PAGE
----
Court fraudsters to be dealt with accordingly

09 Feb 2014 13:20pm
KEETMANSHOOP, 09 FEB (NAMPA) – The Deputy Minister of Justice has urged all court employees across Namibia to refrain from stealing money or case dockets from courts.
Tommy Nambahu made the appeal during a meeting with officials of the Keetmanshoop Magistrate’s Court on Thursday.
He is on a four-day visit to all courts in the //Karas and Hardap regions, along with Deputy Director of Courts Administration Eino Uushona. Their first stop was Keetmanshoop.
Nambahu said a lot of money has gone missing from courts’ coffers over the past years, prompting the line ministry to put up strict supervision in the handling of money.
“We will make sure whoever is found guilty of fraud will be punished. We can no longer allow ourselves to be pulled into the mud by such practices.
“Leave other people’s money. Why should you cut your career short because of some coins? I am really disturbed by such thefts,” he said.
He also expressed concern about dockets going missing from courts, when they are supposed to be carefully stored by legal officials and police.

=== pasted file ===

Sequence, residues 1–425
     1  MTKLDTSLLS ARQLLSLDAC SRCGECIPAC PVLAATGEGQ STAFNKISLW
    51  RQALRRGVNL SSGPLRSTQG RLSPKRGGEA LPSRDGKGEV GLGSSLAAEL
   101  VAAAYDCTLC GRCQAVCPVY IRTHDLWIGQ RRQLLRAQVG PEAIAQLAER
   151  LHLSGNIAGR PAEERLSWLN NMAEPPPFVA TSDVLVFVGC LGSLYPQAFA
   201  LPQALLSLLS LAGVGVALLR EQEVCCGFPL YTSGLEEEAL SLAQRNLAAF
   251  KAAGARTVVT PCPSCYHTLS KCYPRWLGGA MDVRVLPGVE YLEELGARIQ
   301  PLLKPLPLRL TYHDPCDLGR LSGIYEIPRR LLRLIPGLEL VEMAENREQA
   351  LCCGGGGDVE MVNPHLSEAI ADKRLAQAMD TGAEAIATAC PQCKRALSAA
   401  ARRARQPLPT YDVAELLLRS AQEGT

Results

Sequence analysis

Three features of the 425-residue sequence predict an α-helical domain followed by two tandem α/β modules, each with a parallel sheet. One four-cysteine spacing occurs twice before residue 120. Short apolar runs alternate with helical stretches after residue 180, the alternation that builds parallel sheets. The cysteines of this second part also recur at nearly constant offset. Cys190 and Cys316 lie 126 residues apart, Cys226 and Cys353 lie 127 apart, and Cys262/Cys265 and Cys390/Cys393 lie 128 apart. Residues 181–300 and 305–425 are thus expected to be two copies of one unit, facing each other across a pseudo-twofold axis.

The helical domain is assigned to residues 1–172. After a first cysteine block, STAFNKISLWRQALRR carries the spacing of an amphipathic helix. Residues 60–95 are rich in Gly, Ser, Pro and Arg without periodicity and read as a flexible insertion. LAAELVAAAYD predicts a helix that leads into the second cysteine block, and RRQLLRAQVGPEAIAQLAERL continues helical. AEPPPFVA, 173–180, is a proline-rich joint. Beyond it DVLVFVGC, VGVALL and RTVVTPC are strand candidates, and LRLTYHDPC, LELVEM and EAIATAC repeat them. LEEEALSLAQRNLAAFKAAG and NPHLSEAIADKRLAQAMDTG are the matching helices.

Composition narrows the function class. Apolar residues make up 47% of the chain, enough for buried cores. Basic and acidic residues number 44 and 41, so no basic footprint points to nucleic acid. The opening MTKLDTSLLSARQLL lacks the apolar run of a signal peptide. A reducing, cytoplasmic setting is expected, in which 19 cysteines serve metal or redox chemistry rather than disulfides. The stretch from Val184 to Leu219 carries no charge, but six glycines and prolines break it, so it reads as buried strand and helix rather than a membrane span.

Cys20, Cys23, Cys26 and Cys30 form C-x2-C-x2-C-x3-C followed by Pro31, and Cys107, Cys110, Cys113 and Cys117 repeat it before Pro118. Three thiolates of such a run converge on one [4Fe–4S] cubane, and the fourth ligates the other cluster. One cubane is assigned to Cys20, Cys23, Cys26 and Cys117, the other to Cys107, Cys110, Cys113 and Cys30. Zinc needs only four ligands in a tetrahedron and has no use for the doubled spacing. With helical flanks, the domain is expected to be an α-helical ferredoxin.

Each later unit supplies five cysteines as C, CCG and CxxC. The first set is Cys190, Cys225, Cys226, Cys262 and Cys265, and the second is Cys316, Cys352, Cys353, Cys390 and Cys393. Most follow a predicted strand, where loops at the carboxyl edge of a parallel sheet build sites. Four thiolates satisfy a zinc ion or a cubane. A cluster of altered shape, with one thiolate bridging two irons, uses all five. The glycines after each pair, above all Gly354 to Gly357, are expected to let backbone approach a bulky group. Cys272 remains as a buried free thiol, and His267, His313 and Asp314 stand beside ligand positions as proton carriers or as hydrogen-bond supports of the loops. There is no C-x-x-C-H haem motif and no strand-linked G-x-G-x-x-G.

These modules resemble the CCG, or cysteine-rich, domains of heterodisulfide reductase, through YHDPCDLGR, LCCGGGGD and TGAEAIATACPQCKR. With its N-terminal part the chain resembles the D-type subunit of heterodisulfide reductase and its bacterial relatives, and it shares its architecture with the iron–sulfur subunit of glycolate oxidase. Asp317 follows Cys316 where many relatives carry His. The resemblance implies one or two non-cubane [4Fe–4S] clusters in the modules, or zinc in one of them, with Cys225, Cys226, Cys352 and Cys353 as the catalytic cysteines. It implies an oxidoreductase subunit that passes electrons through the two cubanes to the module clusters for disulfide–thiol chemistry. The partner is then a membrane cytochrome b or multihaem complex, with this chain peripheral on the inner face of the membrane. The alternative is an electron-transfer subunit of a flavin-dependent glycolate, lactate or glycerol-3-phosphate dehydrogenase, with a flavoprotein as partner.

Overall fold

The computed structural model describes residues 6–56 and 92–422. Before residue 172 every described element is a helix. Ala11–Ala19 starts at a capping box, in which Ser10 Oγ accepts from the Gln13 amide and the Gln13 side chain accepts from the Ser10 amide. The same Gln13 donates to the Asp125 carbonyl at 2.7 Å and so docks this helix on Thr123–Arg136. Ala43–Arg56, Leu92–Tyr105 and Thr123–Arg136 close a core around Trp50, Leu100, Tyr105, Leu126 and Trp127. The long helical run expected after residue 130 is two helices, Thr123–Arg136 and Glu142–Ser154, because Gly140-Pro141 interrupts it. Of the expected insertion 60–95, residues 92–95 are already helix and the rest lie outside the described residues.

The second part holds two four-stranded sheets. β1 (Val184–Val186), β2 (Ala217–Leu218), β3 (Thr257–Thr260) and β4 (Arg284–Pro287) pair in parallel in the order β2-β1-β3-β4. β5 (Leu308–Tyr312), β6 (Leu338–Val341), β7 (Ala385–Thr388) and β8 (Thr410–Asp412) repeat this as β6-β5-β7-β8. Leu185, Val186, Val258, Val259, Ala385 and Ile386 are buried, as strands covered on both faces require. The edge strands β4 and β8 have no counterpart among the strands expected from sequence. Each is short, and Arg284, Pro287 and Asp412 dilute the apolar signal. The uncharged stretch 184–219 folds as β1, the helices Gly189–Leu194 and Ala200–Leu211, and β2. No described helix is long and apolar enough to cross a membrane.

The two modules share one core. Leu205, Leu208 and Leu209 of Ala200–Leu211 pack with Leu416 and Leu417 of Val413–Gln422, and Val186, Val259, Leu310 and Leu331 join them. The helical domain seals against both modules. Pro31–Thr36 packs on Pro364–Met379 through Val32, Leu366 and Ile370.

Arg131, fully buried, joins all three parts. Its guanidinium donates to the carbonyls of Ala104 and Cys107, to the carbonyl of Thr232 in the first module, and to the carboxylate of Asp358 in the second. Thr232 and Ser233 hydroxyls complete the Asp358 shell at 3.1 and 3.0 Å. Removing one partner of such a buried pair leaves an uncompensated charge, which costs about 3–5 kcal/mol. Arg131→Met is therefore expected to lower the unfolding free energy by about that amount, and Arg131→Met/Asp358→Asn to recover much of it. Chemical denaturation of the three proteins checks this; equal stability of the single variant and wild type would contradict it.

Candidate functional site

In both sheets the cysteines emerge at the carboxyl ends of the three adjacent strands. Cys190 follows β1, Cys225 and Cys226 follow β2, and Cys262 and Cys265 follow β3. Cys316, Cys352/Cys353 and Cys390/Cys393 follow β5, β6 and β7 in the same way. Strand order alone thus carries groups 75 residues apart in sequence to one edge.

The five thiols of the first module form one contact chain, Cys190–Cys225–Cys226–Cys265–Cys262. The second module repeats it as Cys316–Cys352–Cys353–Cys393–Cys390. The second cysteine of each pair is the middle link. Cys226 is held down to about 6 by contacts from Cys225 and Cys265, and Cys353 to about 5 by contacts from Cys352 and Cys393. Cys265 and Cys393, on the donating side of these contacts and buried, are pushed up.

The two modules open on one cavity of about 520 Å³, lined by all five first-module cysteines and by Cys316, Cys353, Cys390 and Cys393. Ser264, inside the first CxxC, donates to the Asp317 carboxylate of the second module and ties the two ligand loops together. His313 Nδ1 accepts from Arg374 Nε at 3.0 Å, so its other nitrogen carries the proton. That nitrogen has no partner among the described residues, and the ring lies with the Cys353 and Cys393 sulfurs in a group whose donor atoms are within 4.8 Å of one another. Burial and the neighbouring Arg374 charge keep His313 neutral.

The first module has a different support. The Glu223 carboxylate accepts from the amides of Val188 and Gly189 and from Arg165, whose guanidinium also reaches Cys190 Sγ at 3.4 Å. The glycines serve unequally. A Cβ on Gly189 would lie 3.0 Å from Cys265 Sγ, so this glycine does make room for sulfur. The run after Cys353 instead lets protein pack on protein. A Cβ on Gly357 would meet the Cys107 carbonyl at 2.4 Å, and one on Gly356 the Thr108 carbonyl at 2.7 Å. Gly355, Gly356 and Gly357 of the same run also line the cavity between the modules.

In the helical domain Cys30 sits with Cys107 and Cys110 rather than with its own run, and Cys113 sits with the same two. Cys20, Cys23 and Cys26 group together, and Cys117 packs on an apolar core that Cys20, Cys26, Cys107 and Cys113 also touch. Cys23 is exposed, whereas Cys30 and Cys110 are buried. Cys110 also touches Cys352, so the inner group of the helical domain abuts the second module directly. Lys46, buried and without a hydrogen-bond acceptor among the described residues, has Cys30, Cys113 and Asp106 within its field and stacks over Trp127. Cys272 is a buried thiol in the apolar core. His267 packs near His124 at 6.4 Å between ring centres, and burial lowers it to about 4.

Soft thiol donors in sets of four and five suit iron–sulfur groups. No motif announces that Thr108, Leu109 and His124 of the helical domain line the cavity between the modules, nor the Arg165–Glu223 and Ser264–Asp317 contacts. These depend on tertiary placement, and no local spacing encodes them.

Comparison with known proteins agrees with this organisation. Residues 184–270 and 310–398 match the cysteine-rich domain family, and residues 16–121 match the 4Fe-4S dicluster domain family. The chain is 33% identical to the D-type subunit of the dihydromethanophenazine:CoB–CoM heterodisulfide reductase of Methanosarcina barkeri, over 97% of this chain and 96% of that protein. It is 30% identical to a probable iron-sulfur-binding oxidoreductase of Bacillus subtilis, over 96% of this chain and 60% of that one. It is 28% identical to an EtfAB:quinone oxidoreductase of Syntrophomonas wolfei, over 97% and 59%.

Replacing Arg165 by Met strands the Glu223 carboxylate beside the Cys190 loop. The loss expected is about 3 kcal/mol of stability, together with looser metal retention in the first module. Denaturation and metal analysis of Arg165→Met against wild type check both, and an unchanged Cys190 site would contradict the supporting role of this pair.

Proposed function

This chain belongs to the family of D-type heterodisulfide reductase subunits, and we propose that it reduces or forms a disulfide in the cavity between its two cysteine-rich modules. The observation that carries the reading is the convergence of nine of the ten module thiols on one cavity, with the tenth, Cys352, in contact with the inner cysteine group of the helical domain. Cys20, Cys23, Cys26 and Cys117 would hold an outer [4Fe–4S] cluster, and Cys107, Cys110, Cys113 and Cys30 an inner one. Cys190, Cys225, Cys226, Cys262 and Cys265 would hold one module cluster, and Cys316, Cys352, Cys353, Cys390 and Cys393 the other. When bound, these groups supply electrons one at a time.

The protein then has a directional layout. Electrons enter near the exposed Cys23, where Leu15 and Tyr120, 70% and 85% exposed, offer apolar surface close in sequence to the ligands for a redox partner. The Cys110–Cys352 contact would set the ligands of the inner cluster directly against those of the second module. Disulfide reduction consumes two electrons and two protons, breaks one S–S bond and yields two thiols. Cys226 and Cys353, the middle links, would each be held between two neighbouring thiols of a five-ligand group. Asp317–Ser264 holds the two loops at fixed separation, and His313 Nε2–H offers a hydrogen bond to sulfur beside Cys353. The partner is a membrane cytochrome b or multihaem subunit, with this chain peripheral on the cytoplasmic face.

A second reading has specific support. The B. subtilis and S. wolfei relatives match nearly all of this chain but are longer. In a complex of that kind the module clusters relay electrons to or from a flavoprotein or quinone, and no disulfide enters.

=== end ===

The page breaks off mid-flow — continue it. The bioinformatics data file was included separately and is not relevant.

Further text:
Shedding light on the mechanisms to be used to protect money, Uushona said control measures will be strengthened by introducing quarterly inspections of court books by Control Legal Clerks.
“Theft and fraud cases are experienced largely because in most cases administrative heads neglect checking their duties, and unscrupulous legal clerks take that advantage to steal,” the deputy director explained.
He continued that such inspections will reveal all the loopholes, and drastic actions will be taken against those who are found neglecting their duties.
“I, therefore, seriously urge you to be serious with your work in view of the fact that gross negligence will cost you your jobs. So, let us deliver quality services to leave a good legacy when we retire.
“Our legacy will be a robust foundation for the next generation,” advised Uushona.
He noted that the justice ministry is currently busy installing digital recording machines in all magistrates’ offices to replace the analog machines currently in use.
The electronic, digital machines will be used to record court proceedings, and will do away with the delay currently experienced in transcribing such proceedings from analog machines or writing them on paper.
Nambahu and Uushona visited Lüderitz on Saturday, and will be in Gibeon and Maltahöhe of the Hardap Region on Monday, before returning to the capital.